Closing beach parks may become a reality in popular tourist destinations like in Hawaii, Thailand, Indonesia, Italy or elsewhere in the world. Travelers hoping to visit the famous “Maya Bay” in Thailand may never be able to enjoy the beach and its creamy white shores and towering limestone cliffs.
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However, after closing the beach indefinitely the Tourism Authority of Thailand (TAT) would like to clarify that while the world famous Maya Beach is closed, stunning views of the Bay can still be enjoyed.
The popular day-trip destination was due to reopen in October following a temporary tourist ban.
But at the beginning of the month, Thailand’s Department of National Parks, Wildlife and Plant Conservation (DNP) announced the bay will remain closed indefinitely.
The clarification is based on this week’s trip, from 19 to 20 October, by a TAT delegation led by TAT Governor Mr. Yuthasak Supasorn to obtain a first-hand view of the reality on the ground.
The ecosystem and the beach’s physical structure have yet returned to its full condition,” said the letter, in Thai, adding that they would extend the closure from October onward “until natural resources return to normal.
The TAT delegation learned that Phi Phi Leh Island, where Maya Bay is located, is still open to tourists. Maya Beach itself is off limits, but visitors can still enjoy the stunning views of Maya Bay — without people — from a boat. They can also enjoy snorkelling in the front of the Bay.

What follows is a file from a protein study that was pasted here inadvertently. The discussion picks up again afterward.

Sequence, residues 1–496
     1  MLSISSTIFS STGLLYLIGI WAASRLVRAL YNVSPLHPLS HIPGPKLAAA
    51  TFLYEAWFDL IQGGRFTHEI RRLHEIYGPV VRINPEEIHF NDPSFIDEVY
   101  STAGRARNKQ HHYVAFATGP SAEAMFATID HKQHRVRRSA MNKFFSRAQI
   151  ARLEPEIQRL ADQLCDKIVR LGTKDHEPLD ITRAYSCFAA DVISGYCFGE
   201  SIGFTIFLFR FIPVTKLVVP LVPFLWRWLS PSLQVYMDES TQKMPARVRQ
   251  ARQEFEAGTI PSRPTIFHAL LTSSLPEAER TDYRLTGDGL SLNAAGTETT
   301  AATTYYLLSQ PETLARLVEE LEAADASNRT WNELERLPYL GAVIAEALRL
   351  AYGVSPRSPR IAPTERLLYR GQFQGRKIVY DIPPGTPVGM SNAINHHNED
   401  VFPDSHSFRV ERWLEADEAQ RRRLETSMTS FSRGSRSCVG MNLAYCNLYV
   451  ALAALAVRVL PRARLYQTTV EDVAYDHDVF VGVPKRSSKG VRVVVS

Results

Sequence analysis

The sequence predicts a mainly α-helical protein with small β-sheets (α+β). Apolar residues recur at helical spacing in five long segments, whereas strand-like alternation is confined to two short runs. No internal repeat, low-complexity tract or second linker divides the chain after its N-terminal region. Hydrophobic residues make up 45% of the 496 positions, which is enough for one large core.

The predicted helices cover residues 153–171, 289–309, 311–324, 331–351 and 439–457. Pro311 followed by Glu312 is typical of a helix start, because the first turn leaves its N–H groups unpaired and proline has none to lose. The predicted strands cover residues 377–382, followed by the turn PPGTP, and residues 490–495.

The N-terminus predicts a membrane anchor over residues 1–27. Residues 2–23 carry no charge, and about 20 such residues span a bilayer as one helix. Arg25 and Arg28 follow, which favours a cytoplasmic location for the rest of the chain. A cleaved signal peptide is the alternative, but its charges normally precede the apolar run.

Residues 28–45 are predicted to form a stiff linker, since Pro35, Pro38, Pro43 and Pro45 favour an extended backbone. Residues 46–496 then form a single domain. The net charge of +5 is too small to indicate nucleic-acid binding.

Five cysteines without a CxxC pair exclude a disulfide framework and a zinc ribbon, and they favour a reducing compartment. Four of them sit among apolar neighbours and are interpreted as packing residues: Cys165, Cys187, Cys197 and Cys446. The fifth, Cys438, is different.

Diving and snorkeling trips around Mu Ko Phi Phi are also running as usual.
Holidaymakers can also stay overnight on Phi Phi Don Island and enjoy many other beautiful beaches and bays of Krabi’s Hat Noppharat Thara-Mu Ko Phi Phi National Park.
Phi Phi Don Island’s main pier is at Tonsai Bay, which is the busiest with a host of accommodation, restaurants and tourist shops. For visitors seeking to relax and stay away from the crowd, they may want to stay on one of the other beaches such as Laem Tong Beach.
Laem Tong Beach is situated at the northern end of Phi Phi Don Island and is only accessible by a 45-minute boat ride from the main pier. It is home to a beautiful and secluded beach as well as a handful of four- to five-star accommodation. These resorts are known for their sustainable operations adhering to strict guidelines to reduce their impact on the environment.
From Phi Phi Don Island, local long-tail boats can be hired for a day cruise to view Maya Bay, visit Pileh Lagoon and Bamboo Island as well as enjoy snorkelling and swimming.
Day trips can also be made from Krabi and Phuket to enjoy the beautiful nature of the Hat Noppharat Thara-Mu Ko Phi Phi National Park.
Mr. Yuthasak Supasorn, TAT Governor, said: “For many years, the local community at Mu Ko Phi Phi has been undergoing a regular beach and underwater clean-up aimed at helping to preserve the marine ecosystem as well as the coral reef system, which are the reasons why tourists and divers return to the area year after year.”
“TAT is ready to support all stakeholders to work together to achieve common goals towards socially and environmentally sustainable tourism.”